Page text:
Across the United States, an estimated 32.5 million adults in the United States are dealing with knee osteoarthritis (OA). Furthermore, about half of people will develop knee osteoarthritis at some point in their lifetime.
If you’re one of the many people living with knee osteoarthritis right now, you have treatment options. At the Center for Orthopaedics and Sports Medicine, Michael L. Blackwell, MD, and his experienced care team provide support for their patients in and around Shenandoah, Texas, who are living with knee osteoarthritis.
Here’s what Dr. Blackwell wants you to know about your treatment options for knee osteoarthritis. With the right approach, you can reduce discomfort and maintain your quality of life, even with knee osteoarthritis.
Arthritis is a chronic inflammatory condition, one that can be controlled and managed, but not cured. There are several major types of arthritis, including osteoarthritis (OA) and rheumatoid arthritis (RA).
OA most commonly shows up in middle age, typically in patients starting at age 50. However, arthritis can also strike at any point in your life. Some types of arthritis even result from trauma or an accident.
When you have OA, your immune system attacks your own joints, resulting in symptoms like swelling, stiffness, and pain. OA in your knees can make it difficult to get around, disrupting many facets of your life.
You might find yourself struggling to manage even everyday activities, like going for a walk or climbing a single flight of stairs.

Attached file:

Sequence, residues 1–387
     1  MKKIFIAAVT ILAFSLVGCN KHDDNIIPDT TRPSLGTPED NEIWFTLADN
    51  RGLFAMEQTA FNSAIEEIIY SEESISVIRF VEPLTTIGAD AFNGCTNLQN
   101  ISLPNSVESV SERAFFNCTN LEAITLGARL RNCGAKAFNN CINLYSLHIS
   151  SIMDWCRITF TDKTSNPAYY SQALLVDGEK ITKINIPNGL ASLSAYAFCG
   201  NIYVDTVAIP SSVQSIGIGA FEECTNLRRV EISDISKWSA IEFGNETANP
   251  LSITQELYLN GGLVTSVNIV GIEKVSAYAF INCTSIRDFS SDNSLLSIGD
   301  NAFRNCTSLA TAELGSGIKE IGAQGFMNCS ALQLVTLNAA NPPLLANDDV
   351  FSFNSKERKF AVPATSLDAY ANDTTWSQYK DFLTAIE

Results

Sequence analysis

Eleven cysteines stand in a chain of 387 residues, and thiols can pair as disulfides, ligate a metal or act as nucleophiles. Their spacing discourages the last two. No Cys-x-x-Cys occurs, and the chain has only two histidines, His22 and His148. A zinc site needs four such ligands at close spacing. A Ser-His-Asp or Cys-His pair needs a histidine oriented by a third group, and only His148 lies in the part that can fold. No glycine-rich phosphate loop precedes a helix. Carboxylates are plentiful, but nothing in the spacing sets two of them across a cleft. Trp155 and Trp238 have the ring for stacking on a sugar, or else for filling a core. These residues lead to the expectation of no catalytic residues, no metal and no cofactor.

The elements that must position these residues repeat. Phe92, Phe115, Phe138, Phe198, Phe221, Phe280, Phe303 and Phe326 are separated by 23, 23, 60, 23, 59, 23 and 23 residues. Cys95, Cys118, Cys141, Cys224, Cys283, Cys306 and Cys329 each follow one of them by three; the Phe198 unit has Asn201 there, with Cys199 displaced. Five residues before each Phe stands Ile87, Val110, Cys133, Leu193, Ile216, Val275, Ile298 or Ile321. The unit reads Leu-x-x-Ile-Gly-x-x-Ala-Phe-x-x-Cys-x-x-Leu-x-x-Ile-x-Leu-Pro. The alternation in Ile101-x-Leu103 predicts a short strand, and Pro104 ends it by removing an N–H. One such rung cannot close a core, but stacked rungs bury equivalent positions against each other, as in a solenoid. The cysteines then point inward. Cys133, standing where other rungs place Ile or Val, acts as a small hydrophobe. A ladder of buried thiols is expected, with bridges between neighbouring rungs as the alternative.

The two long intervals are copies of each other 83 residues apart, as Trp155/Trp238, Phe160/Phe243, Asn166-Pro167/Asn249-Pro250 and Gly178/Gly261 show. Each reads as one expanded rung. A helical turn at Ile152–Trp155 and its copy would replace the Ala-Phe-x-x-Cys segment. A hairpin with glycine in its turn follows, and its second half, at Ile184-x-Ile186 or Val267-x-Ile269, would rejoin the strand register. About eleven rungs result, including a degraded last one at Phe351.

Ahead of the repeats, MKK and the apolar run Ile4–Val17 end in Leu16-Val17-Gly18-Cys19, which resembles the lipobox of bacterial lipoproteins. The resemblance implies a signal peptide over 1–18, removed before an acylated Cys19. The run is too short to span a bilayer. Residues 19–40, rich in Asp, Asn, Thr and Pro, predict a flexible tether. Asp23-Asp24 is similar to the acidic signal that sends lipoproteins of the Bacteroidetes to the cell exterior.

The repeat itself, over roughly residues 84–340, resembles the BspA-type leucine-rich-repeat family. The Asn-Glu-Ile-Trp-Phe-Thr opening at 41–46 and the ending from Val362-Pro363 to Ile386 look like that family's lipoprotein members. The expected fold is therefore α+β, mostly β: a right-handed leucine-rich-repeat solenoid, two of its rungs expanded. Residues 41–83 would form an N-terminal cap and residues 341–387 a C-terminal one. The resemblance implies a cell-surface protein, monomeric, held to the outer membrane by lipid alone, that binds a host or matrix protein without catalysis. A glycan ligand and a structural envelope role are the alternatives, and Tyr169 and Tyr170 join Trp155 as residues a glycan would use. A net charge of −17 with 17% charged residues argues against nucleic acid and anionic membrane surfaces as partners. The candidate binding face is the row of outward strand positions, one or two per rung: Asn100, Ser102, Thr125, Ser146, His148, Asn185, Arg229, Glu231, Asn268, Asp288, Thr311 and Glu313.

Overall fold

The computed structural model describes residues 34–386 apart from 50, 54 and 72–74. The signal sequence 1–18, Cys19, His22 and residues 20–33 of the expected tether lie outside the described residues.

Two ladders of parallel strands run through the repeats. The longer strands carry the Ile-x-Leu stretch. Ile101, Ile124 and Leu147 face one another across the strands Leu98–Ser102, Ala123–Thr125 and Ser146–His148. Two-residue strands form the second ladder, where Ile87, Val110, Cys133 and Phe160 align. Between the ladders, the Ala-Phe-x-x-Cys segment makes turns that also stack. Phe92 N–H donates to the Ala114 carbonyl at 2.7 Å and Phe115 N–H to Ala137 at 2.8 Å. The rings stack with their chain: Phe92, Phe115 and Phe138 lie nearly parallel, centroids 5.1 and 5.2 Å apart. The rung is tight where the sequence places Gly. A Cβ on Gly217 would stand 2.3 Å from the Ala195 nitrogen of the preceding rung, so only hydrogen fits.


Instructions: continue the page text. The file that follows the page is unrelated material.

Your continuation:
Osteoarthritis causes degenerative damage to your joints. It develops as the cartilage that pads and cushions the moving bones in your knee joint wears down, leaving your bones to grind painfully against one another every time you shift the joint.
Eventually, uncomfortable bone spurs can even start to form in your knee joint, increasing your pain and robbing you of more mobility.
It’s encouraging to know, then, that you have access to a wide range of treatment options to cope with your OA symptoms. For patients with knee osteoarthritis, Dr. Blackwell typically recommends approaches including:
For severe cases of knee osteoarthritis, you might need surgical treatment to ease your pain and joint stiffness. Dr. Blackwell pursues conservative forms of treatment before turning to surgical options.
If you need knee replacement surgery, however, Dr. Blackwell’s team uses the state-of-the-art Mako robotic-arm assisted technology to give you the best results.
To develop your unique treatment plan for knee osteoarthritis, Dr. Blackwell starts with a thorough physical exam and any needed diagnostic tests. You continue to receive ongoing support from the Center for Orthopaedics and Sports Medicine.
If you’re ready to get started reclaiming your freedom, mobility, and comfort this fall, contact the Center for Orthopaedics and Sports Medicine, with locations in Tomball and Kingwood, Texas, today.
You can schedule an initial consultation with Dr. Blackwell and his team by calling now or using our online booking feature. You can also send a message to Dr. Blackwell and the team here on our website.